Moulin, Jean, 1899-1943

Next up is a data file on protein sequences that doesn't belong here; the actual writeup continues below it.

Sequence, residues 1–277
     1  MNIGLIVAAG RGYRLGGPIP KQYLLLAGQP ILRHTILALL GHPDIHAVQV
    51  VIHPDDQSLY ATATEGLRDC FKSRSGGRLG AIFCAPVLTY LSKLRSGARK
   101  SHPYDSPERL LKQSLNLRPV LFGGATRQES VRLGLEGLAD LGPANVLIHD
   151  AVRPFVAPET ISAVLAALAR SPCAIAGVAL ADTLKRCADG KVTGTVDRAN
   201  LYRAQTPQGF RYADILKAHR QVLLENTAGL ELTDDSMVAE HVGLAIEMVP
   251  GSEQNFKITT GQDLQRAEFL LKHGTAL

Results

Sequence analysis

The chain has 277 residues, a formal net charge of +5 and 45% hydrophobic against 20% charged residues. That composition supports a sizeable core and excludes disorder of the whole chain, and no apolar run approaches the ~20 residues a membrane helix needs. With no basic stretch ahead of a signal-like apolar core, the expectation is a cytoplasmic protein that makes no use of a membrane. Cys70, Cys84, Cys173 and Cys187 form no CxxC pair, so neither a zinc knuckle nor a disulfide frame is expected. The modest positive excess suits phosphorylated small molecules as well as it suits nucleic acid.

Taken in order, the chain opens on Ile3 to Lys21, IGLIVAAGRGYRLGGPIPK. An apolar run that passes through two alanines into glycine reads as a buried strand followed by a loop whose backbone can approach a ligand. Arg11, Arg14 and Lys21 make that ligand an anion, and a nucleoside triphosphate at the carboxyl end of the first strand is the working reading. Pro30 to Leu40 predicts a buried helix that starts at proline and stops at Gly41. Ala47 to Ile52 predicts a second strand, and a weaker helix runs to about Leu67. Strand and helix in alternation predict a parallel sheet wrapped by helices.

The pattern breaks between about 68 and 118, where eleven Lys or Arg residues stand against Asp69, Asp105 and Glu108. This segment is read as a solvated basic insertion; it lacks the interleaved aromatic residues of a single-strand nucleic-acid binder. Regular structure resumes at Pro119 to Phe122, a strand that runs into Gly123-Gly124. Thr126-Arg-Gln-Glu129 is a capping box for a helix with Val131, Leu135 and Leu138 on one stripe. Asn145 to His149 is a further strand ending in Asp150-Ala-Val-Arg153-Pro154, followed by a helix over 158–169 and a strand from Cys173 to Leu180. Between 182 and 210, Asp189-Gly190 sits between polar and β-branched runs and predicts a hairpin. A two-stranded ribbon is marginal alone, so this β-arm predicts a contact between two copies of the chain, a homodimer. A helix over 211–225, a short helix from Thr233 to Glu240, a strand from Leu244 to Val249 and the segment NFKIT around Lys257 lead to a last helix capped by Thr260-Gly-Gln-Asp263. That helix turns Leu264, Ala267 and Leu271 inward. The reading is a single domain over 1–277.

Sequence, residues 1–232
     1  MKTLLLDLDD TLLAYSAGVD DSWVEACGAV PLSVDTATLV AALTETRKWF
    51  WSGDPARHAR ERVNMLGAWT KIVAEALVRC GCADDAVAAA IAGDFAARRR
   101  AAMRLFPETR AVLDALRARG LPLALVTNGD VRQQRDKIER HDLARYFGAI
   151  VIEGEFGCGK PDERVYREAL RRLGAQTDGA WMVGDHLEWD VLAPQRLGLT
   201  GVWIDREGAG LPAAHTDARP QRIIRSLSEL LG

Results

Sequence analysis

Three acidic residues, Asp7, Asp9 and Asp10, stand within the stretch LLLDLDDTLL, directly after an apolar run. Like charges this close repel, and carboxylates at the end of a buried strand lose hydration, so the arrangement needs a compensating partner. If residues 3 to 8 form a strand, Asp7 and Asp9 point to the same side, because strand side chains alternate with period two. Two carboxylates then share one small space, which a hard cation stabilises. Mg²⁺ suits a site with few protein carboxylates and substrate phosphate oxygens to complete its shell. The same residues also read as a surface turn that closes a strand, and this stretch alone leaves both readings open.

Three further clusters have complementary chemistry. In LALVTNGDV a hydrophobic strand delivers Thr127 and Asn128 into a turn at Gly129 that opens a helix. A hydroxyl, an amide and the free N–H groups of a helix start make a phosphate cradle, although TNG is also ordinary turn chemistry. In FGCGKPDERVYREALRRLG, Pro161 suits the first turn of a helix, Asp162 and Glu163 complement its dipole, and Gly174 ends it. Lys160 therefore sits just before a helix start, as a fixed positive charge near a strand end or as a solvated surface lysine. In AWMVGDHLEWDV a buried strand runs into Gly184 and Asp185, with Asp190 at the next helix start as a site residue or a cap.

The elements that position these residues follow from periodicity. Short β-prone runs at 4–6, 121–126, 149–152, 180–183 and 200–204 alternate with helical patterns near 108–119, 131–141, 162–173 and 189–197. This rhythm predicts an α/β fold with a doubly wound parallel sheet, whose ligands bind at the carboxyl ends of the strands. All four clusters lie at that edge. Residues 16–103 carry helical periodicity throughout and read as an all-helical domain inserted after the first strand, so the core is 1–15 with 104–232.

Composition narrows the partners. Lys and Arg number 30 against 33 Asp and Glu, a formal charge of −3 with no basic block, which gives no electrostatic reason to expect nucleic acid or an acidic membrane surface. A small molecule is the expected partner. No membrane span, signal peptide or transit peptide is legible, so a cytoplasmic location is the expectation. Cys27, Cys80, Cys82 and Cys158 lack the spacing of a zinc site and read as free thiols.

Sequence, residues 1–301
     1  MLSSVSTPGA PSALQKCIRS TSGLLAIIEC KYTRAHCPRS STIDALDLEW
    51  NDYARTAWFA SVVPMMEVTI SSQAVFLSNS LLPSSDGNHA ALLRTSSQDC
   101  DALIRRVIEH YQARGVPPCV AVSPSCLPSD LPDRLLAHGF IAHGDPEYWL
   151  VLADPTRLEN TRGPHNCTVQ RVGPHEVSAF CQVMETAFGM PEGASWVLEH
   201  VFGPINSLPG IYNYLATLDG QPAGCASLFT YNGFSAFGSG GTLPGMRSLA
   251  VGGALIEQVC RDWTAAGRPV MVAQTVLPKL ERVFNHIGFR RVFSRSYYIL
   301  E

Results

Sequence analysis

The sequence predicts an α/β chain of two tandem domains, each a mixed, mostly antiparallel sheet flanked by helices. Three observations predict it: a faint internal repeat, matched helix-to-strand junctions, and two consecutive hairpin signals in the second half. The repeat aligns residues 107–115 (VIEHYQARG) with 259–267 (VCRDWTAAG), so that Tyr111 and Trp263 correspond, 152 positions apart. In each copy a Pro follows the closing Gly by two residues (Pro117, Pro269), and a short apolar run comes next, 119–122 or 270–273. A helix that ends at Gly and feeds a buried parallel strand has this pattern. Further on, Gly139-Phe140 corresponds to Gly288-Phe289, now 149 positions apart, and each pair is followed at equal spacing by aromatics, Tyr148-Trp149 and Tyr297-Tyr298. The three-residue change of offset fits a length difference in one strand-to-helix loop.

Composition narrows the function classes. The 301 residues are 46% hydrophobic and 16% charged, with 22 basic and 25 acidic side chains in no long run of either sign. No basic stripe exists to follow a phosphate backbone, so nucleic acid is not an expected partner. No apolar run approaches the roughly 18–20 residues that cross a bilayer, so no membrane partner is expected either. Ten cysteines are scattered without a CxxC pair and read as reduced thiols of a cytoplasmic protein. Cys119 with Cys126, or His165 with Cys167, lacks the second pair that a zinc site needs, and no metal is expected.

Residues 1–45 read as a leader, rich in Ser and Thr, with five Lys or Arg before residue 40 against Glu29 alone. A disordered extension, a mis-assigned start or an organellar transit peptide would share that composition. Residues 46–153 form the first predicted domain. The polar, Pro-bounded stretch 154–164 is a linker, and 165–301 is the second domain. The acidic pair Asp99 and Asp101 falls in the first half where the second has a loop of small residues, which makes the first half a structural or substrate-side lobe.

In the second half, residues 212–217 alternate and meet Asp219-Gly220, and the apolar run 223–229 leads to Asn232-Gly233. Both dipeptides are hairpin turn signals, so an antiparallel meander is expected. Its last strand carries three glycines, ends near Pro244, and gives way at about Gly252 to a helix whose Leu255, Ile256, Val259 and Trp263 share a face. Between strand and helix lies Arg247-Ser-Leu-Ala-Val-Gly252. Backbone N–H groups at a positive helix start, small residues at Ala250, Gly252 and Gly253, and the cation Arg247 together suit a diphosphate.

Moulin was an important French resistance leader responsible for fusing dozens of rival guerrilla groups into one organization loyal to DE GAULLE. Moulin was prefect of Chartres in which capacity he entered a dispute with the Germans in the summer of 1940 over certain arrests. He tried to commit suicide on 17 June but was saved and retired to Provence. There he made contact with resistance groups and managed to unite three of them under the name of Combat. In late 1941 Moulin managed to get to London to confer with de Gaulle as representative of Combat. He could have presented himself as a major rival to de Gaulle but instead gave him his complete loyalty. He was parachuted into France on I January 1942 as de Gaulle’s delegate-general and spent the next eighteen months on the move throughout France discussing, negotiating and persuading in order to bring about a unified resistance. By March 1943 he had achieved a fusion of all non-Communist groups in the former Vichy areas into the Mouvements Unis de Resistance, and in May 1943 succeeded in effecting a national link-up called the Conseil National de la Resistance, all loyal to de Gaulle, whose first meeting he chaired on 27 May 1943. However at a meeting of 21 June at Caluire, near Lyons, Moulin was arrested by the Germans and died after being horribly tortured. Moulin had been one of the most talented and politic of resistance leaders and there was no one who could completely take his place.

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